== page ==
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Tips for marketing budget planning in 2021 and beyond

How to plan your marketing budget for 2021

Tips for adjusting your marketing budget to our new economic climate

2020 was a year where just about everything went a different direction than anyone had expected. Did your business utilize its marketing budget to its full extent? Do you have your budget set for 2021? Any other year, using the previous year’s outline would be a great start. But this year, copying and pasting 2020’s plan just won’t cut it.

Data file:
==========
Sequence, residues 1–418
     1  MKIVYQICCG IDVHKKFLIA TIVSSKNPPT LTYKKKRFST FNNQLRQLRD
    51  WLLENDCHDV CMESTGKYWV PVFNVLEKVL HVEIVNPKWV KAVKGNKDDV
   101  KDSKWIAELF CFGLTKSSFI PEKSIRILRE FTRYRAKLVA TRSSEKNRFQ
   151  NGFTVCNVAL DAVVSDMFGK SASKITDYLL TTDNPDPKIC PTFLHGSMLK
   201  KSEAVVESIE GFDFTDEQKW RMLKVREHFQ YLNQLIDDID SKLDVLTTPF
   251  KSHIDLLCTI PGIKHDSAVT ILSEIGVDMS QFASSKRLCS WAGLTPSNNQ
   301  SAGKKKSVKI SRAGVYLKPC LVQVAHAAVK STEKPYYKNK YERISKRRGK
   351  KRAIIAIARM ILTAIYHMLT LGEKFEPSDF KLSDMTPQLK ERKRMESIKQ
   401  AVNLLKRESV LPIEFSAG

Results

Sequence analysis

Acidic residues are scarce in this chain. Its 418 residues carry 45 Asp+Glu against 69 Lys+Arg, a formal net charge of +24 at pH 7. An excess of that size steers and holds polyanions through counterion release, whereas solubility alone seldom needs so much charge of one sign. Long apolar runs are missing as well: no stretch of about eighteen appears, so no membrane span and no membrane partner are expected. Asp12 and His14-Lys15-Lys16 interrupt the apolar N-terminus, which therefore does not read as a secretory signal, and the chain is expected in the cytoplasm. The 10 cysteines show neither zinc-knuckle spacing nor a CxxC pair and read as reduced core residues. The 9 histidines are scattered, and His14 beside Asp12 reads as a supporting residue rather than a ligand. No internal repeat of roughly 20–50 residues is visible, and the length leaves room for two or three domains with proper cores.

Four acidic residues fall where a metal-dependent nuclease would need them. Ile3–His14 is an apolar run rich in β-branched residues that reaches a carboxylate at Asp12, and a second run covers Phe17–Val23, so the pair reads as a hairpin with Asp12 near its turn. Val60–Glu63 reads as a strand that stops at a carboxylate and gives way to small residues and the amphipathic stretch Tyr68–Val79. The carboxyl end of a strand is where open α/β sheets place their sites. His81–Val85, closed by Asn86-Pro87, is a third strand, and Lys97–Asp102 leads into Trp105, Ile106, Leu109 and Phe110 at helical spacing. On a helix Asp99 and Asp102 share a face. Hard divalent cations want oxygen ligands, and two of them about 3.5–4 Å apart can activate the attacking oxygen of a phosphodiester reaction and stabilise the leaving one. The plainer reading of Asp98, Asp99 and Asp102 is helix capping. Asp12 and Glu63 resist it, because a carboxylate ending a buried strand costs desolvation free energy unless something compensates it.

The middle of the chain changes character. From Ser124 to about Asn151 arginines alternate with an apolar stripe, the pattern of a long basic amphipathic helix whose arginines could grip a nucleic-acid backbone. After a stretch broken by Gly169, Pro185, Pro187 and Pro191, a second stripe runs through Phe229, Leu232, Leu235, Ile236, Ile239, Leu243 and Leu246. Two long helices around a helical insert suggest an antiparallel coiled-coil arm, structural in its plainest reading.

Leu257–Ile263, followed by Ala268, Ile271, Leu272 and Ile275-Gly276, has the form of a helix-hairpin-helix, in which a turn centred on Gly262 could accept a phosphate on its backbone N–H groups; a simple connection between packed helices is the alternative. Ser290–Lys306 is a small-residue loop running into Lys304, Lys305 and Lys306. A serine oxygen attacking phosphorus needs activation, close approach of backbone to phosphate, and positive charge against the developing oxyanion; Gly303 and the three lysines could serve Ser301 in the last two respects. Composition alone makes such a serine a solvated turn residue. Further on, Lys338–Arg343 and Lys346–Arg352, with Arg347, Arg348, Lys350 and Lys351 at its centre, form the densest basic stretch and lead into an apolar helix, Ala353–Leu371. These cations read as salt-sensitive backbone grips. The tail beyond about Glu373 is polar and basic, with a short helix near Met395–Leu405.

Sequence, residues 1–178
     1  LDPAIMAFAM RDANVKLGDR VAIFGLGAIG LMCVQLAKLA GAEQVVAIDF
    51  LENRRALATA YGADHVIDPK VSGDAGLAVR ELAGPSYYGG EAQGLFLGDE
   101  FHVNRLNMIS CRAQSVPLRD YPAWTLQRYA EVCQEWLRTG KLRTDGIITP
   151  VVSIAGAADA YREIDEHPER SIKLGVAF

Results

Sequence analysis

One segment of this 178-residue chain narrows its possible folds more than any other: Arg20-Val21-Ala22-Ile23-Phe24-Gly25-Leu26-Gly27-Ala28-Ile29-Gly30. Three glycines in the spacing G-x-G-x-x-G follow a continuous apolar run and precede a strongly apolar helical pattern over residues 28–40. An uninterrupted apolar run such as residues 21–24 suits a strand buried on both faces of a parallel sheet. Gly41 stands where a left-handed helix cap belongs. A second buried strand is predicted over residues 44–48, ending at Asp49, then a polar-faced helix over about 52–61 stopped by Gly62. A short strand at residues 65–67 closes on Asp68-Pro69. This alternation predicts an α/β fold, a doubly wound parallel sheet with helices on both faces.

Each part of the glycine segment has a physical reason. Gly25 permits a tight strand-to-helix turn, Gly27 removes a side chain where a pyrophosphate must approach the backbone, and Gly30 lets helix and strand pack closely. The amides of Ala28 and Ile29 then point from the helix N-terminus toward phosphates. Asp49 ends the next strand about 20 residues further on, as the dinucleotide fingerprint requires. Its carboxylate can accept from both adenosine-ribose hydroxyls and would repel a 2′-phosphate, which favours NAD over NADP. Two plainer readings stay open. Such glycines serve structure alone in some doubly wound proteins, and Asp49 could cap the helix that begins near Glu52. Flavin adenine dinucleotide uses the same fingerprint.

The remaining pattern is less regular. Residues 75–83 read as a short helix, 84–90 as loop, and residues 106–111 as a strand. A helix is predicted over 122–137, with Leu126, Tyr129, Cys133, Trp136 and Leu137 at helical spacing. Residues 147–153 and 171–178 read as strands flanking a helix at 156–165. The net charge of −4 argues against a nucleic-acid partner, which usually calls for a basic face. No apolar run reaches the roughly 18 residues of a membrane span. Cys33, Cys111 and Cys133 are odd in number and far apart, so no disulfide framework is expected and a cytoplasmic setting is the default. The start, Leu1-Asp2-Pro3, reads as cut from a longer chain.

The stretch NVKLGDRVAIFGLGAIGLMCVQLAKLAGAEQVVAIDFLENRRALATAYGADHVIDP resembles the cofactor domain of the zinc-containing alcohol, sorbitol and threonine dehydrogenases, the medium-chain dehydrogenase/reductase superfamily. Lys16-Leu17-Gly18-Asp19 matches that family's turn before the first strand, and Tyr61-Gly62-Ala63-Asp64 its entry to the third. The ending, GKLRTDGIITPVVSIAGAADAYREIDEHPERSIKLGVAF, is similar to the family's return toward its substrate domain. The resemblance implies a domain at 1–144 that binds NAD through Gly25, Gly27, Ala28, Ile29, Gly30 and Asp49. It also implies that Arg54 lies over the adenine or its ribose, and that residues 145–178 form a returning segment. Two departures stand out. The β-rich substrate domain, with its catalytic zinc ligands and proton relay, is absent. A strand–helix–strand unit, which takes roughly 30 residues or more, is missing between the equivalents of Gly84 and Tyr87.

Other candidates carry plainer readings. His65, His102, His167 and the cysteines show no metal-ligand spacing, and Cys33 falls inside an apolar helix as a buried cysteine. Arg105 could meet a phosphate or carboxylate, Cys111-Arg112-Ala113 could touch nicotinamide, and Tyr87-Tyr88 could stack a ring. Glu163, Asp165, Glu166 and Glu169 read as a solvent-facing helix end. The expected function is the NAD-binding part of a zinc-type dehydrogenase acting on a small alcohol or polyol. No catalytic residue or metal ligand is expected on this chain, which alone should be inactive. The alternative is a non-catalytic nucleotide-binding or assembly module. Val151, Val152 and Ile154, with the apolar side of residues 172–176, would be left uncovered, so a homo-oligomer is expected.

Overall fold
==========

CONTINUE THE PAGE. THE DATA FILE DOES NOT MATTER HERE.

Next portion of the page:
Looking back to plan for the future

Which strategies have proven most effective for your business since March 2020? If your marketing plans and tactics haven’t made increases to your profitability with the budget you started with, you are not alone. Less than three full months into the year, many businesses had to cut costs, which – for many – started with marketing budgets. This is a path to be wary of, and if you have started to shift this way, proceed with caution. According to Forrester, study after study shows that discontinuing marketing altogether hurts your chances of successfully recovering from a downturn like we’re currently experiencing.